Now that the available profile types have been defined, it must be determined which one is right for use in a particular XenApp environment. To make the determination of the appropriate profile type, the requirements of a particular environment need to be carefully analyzed. Following are questions that need to be answered to define these requirements:

  • Do users need to save their settings?
  • Do applications store settings in the registry?
  • How will printers be made available, and how will printer settings be handled?
  • What is the farm design? Are applications streamed or segregated into application silos?

Now consider each of these questions to help determine an effective user profile design.

  1. Do users need to save their settings?

User requirements and expectations play a large part in which user profile type to use. An administrator must first determine which settings need to be saved and where those settings are stored. If users need to save settings that can be stored in redirected folders, such as Documents, AppData, or other folders, then folder redirection should be considered. Folder redirection can be used with all profile types discussed in this document, and are generally recommended.

  1. Do applications store settings in the registry?

If the application being deployed does not reference the HKEY_CURRENT_USER (HKCU) hive in the registry, then a mandatory profile solution can be considered. However, many applications do access this hive, so testing is required.

  1. How will printers be made available, and how will printer settings be handled?

The printing requirements have an impact on the user profile design. Printers are typically enabled through logon scripts or XenApp policies; here we will only discuss the latter.

In order to enable printing, it cannot otherwise be disabled in another Terminal Services or XenApp policy. If printing will be enabled through XenApp policies, administrators can choose where to save client-side settings. Where printer properties (File > Print > Preferences > Local Settings) can be retained has a direct bearing on the type of user profile that has been configured.

In the XenApp Advanced Configuration Console (formerly Presentation Server Console), the Citrix policy named Printer properties retention should be set accordingly. Following are available options:

  • Held in profile only if not saved on client (default)
  • Saved on the client device only
  • Retained in user profile only

Of course, if mandatory profiles are administratively configured, the last option would not be feasible because the printer properties could not be retained; however, if the properties can be retained on the client device, then mandatory profiles are a viable option.

  1. How is the XenApp farm designed? Are applications in silos?

In farms based on multiple application silos, having roaming profiles increase the likelihood of profile setting loss due to “last write wins” issues. For example, users simultaneously accessing SAP and a custom application hosted on different servers will overwrite roaming profile settings made in the custom application session if the user logs off from the custom application session before the SAP session. This effect can therefore be termed the “last write wins” condition. Citrix User Profile Management must be considered as an alternative to roaming profiles if users experience this issue.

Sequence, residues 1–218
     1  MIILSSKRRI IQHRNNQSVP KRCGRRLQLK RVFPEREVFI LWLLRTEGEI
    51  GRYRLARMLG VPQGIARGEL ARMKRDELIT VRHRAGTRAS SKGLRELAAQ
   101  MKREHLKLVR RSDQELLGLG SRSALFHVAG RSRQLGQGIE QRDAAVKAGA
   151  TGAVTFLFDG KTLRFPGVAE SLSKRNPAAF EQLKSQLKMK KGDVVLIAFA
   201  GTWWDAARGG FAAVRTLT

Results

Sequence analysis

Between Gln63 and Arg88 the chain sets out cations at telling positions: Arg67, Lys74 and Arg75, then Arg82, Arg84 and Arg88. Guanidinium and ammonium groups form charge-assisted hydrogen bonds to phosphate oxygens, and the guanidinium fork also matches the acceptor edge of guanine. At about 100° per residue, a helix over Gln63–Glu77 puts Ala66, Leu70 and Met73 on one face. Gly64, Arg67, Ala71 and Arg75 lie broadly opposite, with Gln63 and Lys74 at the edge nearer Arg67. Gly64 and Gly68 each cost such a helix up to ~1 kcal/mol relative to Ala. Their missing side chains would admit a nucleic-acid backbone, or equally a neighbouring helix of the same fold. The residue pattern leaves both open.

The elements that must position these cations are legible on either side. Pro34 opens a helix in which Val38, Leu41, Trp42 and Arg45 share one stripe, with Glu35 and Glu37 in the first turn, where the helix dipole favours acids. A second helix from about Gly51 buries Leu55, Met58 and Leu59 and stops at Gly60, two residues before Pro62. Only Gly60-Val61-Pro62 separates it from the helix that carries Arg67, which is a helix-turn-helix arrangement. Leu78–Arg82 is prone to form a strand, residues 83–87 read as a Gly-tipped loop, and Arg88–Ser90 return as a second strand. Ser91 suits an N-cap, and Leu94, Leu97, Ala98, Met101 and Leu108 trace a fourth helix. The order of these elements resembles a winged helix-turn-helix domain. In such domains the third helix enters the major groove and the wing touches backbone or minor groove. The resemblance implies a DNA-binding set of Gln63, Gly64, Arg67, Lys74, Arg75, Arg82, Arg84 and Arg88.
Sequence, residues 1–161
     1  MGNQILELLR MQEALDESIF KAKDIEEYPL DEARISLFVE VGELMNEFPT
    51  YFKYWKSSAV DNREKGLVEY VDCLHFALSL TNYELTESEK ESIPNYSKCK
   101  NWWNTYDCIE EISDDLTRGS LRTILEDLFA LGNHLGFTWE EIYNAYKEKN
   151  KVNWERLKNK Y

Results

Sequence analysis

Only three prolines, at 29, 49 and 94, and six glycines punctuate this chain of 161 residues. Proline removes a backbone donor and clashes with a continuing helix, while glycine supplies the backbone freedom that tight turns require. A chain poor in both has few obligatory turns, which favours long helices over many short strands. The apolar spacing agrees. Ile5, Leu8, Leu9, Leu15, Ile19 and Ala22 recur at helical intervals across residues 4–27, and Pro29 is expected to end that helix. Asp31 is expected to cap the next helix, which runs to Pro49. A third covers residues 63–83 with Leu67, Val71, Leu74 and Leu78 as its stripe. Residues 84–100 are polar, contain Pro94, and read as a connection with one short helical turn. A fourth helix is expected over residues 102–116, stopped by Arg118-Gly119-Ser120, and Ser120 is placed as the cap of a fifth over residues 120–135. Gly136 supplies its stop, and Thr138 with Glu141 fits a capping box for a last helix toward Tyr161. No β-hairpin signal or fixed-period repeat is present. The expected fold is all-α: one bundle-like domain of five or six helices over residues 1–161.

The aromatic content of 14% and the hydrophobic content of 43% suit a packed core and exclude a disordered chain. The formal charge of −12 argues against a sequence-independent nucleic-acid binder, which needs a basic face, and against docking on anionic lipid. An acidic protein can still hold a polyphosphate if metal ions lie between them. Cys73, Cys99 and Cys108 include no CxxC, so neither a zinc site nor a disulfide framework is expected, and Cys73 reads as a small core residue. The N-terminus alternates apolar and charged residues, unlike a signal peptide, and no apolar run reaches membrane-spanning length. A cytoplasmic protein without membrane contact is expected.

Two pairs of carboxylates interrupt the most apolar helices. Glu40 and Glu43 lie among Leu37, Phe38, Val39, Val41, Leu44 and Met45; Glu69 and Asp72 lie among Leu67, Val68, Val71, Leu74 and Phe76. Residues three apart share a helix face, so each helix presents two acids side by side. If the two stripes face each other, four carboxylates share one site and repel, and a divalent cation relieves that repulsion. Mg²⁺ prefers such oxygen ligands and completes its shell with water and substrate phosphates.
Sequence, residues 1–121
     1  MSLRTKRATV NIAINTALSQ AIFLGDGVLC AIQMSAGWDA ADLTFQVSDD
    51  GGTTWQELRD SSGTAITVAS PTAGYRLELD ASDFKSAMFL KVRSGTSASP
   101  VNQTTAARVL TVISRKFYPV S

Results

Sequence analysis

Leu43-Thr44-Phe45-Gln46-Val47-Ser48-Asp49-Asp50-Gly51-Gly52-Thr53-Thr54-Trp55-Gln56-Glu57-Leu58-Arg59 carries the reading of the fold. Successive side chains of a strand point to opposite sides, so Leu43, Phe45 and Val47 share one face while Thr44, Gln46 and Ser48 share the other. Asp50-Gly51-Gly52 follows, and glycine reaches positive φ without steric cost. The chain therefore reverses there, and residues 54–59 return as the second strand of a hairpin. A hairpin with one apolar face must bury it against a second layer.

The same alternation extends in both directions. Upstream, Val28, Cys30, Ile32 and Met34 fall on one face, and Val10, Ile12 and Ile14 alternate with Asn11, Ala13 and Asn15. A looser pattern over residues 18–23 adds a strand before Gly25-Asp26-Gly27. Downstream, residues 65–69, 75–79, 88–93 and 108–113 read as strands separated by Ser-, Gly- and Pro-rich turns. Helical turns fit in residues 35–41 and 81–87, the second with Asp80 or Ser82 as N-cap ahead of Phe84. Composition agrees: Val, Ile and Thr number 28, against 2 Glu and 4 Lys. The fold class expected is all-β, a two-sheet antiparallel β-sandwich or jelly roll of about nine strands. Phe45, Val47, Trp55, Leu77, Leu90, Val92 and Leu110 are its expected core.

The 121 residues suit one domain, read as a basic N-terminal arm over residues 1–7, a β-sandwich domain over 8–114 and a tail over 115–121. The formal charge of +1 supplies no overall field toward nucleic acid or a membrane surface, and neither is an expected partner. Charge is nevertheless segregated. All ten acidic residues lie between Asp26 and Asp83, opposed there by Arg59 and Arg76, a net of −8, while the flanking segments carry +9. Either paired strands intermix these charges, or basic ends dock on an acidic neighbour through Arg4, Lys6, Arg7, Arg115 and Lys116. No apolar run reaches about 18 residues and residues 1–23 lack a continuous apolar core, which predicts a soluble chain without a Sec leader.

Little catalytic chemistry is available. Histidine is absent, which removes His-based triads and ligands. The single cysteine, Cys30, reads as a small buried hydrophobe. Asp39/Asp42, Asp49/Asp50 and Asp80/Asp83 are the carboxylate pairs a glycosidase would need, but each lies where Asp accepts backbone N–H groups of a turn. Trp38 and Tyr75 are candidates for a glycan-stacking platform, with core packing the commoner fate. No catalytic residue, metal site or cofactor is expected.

Design Practices

When designing your XenApp environment, once the analysis of requirements has been performed, the appropriate profile type(s) needs to be selected.

Comparing Profile Options

The following table is useful for comparing the relative benefits of each profile type when analyzing the design requirements:

Profile Type



Local Profile

Fast LogonNo requirement for centralized repository for profile storageNot susceptible to corruption

Settings are inconsistent across servers and sessionsConsumes local disk space

Roaming Profile

User profile accessible from any XenApp serverSettings are saved across sessions

Slow loginSusceptible to “last write wins” and resultant settings loss where application silos exist

Mandatory Profile

Fast LogonNo settings are susceptible to loss

Settings are not saved across sessions

Multiple Profiles

Benefits of both mandatory and roaming profiles without the disadvantages of each

Potential for additional file server space requirementsComplex to implementAdministrative expertise and maintenance required

Citrix User Profile Management

Fast LogonAllows for the most control over settingsAddresses “last write wins” issueSpace requirements are minimal

Administrative effort and skills to implement and maintain

Using Active Directory Group Policies

Active Directory includes a number of group policies–including a subset of Terminal Services policies–that can be applied to a XenApp environment to optimize performance and stability. Terminal Services profiles are commonly configured within these Group Policy Object (GPO) options. Active Directory based on Windows Server 2003 SP2 and higher, as well as Windows Server 2008, allows Terminal Services mandatory profiles to be configured as a GPO.